In mid-October, I was involved in a series of seminars with dairy farmers about how farmers actually treat cows and calves on their farms.
Each seminar started with a short introduction, followed by a discussion among farmers about how they might treat certain diseases like clinical mastitis, calf scours and calf pneumonia. Everyone was encouraged to share not only their specific treatments like antibiotics but also to share extra things they did to help their cows and calves feel better and get better.
Each seminar is different because it is driven by the sharing of information among the different farmers. Almost always, the seminar ends with a bunch of questions. Some questions get asked only occasionally while some get asked at almost every seminar. Here are the answers to some of those recurring questions and common misconceptions.
There are lots of misunderstandings about the treatment instructions on drug labels. Many times, farmers end up over-treating diseases such mild mastitis (ones where the cow isn’t sick) because they do not realize that most intra-mammary drugs only need to be repeated 1 or 2 times. There have been a few heated debates about what the drug labels say. This is always a good time to go to the Compendium of Veterinary Products. It is available online and contains the most recent drug labels. Some of the label instructions on the package itself might not be the most up to date because it might have been purchased months or years earlier.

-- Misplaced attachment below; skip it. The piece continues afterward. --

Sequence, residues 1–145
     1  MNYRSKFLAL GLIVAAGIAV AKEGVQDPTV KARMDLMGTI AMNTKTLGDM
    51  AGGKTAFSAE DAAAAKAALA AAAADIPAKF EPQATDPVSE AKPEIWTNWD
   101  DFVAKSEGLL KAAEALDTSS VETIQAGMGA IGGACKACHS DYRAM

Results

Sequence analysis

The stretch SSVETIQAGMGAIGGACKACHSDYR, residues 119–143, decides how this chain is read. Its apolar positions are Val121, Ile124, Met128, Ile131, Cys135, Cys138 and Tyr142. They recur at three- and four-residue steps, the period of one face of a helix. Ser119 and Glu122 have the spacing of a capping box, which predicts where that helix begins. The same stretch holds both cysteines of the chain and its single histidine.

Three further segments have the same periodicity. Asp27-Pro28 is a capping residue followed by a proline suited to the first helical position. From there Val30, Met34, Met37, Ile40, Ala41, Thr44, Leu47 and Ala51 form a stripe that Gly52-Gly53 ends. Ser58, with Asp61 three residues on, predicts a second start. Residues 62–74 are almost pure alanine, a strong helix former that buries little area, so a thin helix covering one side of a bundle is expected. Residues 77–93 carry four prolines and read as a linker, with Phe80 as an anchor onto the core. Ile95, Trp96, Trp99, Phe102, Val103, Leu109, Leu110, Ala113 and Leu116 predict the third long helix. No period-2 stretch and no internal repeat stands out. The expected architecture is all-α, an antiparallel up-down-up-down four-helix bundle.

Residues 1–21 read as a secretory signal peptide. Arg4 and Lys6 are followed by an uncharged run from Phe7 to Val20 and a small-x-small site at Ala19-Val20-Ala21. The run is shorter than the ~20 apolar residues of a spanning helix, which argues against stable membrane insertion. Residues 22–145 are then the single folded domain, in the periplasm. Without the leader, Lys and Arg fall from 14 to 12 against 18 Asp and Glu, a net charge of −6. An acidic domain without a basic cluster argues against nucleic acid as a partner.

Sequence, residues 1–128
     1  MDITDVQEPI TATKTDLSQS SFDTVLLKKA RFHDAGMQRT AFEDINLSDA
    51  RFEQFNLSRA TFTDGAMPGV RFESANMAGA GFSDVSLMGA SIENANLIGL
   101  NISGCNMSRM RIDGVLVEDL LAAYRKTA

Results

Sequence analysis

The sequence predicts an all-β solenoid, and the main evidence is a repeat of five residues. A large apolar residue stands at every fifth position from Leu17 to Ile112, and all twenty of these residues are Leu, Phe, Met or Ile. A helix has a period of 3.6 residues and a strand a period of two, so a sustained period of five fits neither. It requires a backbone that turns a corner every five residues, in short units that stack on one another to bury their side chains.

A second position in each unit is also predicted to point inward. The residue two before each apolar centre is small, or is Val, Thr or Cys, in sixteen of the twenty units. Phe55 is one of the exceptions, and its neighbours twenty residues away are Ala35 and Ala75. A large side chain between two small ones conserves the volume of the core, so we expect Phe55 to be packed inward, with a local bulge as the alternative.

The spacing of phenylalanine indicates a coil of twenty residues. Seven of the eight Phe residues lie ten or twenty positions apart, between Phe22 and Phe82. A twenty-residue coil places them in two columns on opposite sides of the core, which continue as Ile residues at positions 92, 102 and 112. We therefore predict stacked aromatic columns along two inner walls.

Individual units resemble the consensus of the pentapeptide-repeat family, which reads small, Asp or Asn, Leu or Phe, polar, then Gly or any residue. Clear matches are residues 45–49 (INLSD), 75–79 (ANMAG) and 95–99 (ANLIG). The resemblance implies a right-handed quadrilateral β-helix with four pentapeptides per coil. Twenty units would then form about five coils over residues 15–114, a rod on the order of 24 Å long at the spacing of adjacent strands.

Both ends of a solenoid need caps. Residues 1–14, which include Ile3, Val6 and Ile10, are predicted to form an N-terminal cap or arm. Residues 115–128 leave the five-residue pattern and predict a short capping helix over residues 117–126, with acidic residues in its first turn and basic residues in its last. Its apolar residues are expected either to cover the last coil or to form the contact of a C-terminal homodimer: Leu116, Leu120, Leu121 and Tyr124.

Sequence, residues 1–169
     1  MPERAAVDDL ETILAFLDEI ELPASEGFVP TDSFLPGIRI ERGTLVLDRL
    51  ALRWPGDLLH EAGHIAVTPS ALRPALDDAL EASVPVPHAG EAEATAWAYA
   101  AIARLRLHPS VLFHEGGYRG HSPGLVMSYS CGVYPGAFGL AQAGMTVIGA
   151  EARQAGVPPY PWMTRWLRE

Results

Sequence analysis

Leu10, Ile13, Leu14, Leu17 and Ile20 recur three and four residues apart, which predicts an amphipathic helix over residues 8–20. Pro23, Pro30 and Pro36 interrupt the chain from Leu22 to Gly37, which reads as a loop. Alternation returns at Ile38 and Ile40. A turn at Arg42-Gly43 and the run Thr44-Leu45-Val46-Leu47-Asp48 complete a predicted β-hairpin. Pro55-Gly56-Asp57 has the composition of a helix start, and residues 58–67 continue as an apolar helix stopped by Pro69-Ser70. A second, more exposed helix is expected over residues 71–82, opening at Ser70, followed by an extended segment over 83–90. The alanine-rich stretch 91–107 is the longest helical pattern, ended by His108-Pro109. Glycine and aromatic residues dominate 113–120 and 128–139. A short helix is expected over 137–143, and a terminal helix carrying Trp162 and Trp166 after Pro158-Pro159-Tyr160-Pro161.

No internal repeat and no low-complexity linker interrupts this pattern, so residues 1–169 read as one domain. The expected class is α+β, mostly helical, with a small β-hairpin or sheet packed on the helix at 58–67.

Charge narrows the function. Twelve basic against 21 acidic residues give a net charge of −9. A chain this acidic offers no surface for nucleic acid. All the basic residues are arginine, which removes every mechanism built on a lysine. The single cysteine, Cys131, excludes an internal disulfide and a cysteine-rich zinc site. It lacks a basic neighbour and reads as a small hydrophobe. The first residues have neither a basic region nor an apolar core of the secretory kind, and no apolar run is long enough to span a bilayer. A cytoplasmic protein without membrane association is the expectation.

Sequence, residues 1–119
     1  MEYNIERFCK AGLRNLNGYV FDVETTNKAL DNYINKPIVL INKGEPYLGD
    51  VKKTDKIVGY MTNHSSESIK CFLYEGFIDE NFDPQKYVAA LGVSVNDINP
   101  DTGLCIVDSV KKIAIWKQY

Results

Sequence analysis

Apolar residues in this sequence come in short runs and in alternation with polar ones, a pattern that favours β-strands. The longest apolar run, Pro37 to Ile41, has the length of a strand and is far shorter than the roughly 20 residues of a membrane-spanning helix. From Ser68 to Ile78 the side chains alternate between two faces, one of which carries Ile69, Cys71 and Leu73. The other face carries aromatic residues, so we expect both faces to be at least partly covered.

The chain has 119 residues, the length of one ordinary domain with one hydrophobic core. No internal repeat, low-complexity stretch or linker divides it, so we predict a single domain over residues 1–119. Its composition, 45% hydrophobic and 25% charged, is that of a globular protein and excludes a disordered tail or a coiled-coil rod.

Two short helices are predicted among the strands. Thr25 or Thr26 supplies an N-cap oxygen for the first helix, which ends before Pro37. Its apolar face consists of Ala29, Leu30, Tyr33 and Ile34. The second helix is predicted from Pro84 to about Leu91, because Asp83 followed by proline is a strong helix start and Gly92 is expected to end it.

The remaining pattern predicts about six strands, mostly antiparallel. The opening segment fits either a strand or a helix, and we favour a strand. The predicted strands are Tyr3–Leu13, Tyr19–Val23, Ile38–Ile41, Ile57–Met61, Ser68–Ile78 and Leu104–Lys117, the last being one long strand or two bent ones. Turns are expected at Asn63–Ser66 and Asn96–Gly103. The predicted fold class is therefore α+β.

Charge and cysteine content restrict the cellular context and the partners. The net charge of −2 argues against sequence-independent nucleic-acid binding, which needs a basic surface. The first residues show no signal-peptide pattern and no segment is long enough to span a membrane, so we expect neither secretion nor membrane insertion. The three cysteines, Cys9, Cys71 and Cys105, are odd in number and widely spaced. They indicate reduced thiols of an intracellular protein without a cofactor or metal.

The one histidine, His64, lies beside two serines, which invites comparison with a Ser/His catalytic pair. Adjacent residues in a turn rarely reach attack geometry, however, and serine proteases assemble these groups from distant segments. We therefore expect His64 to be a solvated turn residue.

Is there a limit to how much of a drug can be given at one site? That discussion can get heated. Many of the newer antibiotics and some of the older ones state on the label that there is a maximum amount that can be injected at one site. Going over that volume might lead to the treatment being less effective (because the drug might not be taken up as well when it is given as one large volume) and will almost certainly lead to longer withdrawals. The volume limits per injection site are high enough that there isn’t usually a problem if you are treating calves. But there likely will be a problem if you’re treating cows, especially mature Holsteins, at the size they are now.
Another common question is about whether or not to change drug treatments and when. Many of our antibiotics belong to only a few families. An antibiotic family is a group of related drugs. Often, if one antibiotic in the family does not work, then going to another drug in the same family is unlikely to lead to a cure. Many farmers don’t know which antibiotic products contain the same or very similar drugs. That makes it tough to make a good second treatment choice without consulting their veterinarian.
I often get asked: Is it a good idea to increase the dose of a drug? That increase could occur in a couple of ways. One way would be to change the frequency of treatment – treating cases of mastitis twice a day rather than once a day, according to the label. Another way is to intentionally treat with more than the calculated dose. Most of the time, increasing either the number of doses or the amount of the dose doesn’t really improve the chances of a cure. It just makes it more difficult to determine the appropriate withdrawal.
From the seminar discussions it was pretty clear that farmers want to treat their animals effectively. But with all the jobs occupying the farmers’ minds, it’s no surprise that the one involving the treatment of cows can be misunderstood.
Dr. Robert Tremblay is a veterinarian for Boehringer-Ingelheim and lives near Guelph.